The Bog Turtle (Glyptemys muhlenbergii) is North America’s smallest turtle (and one of the smallest globally). Unfortunately, the Bog Turtle is facing extinction and is listed as a federally-threatened species by the United States Fish & Wildlife Service. The Bog Turtle is also listed as threatened or endangered in every state where it occurs. Bog Turtles are generally found in two main allopatric (occurring in separate, non-overlapping geographic areas) populations separated by approximately 250 miles. Even within these main population centers Bog Turtle distribution is quite disjunct and occupied wetlands throughout the range can be many miles from the nearest known location. The northern allopatric population extends from Maryland northeast to western Massachusetts. Historically, disjunct Bog Turtle colonies were also found in the Northwestern Glaciated Plateau region of northwestern Pennsylvania, the Finger Lakes Region of New York, and the Lake George region of New York, but unfortunately the Bog Turtle is now extirpated (extinct) from these areas. The southern allopatric population generally follows the southern Blue Ridge Mountains, extending from extreme southwestern Virginia, southwest to northeastern Georgia, including portions of the and adjacent piedmont in North Carolina. Distribution in the south is also patchy, often with great distances between colonies.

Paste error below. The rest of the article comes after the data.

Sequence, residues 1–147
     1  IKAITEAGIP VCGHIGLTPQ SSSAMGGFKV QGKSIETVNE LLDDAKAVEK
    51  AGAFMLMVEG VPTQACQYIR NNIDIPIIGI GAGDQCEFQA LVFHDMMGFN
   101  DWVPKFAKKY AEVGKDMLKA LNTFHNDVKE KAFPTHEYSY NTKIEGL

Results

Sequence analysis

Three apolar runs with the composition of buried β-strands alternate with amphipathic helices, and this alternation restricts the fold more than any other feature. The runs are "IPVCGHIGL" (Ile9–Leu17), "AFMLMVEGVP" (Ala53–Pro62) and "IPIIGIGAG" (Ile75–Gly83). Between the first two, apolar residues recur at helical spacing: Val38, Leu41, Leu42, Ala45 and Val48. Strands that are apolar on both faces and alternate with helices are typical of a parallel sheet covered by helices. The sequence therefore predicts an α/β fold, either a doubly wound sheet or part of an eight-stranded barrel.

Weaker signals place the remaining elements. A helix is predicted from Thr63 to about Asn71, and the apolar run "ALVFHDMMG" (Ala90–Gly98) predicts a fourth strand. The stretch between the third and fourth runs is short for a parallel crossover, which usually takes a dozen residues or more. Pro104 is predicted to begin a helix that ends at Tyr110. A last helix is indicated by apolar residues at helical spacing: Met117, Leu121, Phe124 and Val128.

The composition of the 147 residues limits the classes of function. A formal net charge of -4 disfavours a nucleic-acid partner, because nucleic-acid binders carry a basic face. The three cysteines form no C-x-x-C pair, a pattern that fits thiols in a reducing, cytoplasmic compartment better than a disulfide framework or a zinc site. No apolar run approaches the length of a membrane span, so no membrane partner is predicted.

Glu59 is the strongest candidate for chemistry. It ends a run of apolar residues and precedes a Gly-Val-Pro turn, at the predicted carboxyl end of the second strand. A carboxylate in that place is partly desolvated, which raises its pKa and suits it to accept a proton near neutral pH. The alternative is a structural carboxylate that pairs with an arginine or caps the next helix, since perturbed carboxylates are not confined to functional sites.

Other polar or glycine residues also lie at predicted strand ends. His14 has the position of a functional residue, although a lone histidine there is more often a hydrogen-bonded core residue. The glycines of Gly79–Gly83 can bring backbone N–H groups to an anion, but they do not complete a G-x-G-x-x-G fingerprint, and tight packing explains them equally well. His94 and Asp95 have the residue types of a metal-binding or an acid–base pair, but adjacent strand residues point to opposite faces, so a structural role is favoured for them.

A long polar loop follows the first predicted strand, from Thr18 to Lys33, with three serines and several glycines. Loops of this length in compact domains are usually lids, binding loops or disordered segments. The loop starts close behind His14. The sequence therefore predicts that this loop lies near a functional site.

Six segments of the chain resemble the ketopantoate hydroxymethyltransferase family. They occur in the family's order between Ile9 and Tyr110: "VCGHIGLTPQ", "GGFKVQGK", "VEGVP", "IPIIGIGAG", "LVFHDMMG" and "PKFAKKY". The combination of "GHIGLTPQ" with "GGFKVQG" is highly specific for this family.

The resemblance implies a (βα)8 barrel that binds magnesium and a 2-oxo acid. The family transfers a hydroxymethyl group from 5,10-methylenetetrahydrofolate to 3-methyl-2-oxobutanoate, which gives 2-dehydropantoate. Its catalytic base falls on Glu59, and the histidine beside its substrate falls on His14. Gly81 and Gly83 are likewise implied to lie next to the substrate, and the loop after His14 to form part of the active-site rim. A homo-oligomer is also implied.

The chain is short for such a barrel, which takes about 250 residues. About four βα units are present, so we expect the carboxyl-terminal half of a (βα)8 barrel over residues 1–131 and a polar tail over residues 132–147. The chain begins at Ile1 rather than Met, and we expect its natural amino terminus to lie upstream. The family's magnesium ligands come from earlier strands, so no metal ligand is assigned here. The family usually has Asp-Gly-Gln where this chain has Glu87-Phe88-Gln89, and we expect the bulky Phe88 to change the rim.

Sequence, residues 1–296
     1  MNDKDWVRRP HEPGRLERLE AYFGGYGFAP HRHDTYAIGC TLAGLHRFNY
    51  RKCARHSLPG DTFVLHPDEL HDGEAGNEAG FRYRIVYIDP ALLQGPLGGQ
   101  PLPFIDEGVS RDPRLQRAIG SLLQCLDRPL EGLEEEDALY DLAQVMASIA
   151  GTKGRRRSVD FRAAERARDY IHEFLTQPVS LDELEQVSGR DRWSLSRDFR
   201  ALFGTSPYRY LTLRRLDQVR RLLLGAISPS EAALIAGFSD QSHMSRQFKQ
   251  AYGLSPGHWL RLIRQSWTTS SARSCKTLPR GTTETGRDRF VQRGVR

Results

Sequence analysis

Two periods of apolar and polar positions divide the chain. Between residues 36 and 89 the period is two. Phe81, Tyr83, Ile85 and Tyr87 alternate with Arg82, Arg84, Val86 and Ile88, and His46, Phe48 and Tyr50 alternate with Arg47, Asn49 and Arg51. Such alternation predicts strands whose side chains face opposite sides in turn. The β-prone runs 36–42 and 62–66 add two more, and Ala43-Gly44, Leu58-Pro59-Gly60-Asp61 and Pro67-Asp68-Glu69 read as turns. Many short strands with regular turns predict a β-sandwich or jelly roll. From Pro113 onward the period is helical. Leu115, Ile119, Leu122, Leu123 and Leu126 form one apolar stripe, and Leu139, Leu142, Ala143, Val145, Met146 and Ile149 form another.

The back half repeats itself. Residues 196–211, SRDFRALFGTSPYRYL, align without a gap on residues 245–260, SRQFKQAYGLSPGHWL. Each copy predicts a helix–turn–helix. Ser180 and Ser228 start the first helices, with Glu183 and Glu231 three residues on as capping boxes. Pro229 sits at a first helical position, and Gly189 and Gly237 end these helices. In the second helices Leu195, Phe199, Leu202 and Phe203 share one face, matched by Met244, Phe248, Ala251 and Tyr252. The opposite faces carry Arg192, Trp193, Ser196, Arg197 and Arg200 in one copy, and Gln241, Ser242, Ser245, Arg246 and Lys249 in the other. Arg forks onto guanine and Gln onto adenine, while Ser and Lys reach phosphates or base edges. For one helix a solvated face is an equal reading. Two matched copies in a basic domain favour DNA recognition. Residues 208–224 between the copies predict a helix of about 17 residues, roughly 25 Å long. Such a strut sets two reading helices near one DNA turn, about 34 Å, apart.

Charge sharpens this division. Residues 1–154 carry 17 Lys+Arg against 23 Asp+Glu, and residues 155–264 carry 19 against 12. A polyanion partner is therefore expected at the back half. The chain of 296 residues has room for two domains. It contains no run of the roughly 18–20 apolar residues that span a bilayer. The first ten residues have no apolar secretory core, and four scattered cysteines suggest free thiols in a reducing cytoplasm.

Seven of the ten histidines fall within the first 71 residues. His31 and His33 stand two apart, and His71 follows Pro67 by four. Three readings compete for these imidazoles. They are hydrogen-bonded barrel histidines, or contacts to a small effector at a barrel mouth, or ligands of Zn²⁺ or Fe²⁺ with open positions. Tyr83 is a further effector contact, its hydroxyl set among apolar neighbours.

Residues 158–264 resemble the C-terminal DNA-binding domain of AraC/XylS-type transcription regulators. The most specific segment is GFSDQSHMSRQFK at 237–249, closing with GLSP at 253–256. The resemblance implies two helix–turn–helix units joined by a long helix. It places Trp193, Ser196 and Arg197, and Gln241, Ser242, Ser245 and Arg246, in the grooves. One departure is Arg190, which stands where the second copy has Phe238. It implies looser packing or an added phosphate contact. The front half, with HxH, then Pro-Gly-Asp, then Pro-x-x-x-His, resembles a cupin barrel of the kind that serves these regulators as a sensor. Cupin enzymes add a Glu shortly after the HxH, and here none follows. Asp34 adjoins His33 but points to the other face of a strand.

4-26-08 036Bog Turtles are typically found in small wetlands or contiguous wetland complexes of early successional wetland habitats associated with the emergence of spring water and loose, mucky soils or tunnels. The spring-fed wetlands are usually dominated by emergent plant species such as: sedges, grasses, rushes, cattails, and mosses, with mixed patches of shrubs and trees. These emergent areas are necessary for Bog Turtles as they deposit their eggs in sedge and moss clumps that receive sunlight for most of the day. When shrubs and trees invade an emergent wetland the resulting canopy of leaves shade the sedges and mosses leaving the Bog Turtles without nesting areas. Bog Turtles often persist in rural and agricultural landscapes where livestock grazing plays an important role in maintaining the open, emergent wetlands that Bog Turtles inhabit. Prior to European colonization, these wetlands extended across dynamic landscapes that contained early successional habitats kept open by beavers, fire, and elk. Many areas where Bog Turtles exist no longer have these important habitat creators. Habitat succession problems are compounded by the real forces driving the Bog Turtles towards extinction – habitat destruction and fragmentation. Bog Turtle wetlands have been obliterated by development, ditched, poisoned, and surrounded by roads and houses for centuries. Only a tiny fraction of historical Bog Turtle wetlands (and wetlands in general) exist today. Additional threats include poaching and invasions of non-native plant species. Bog Turtles are highly coveted by illegal poachers and sold to collectors around the world.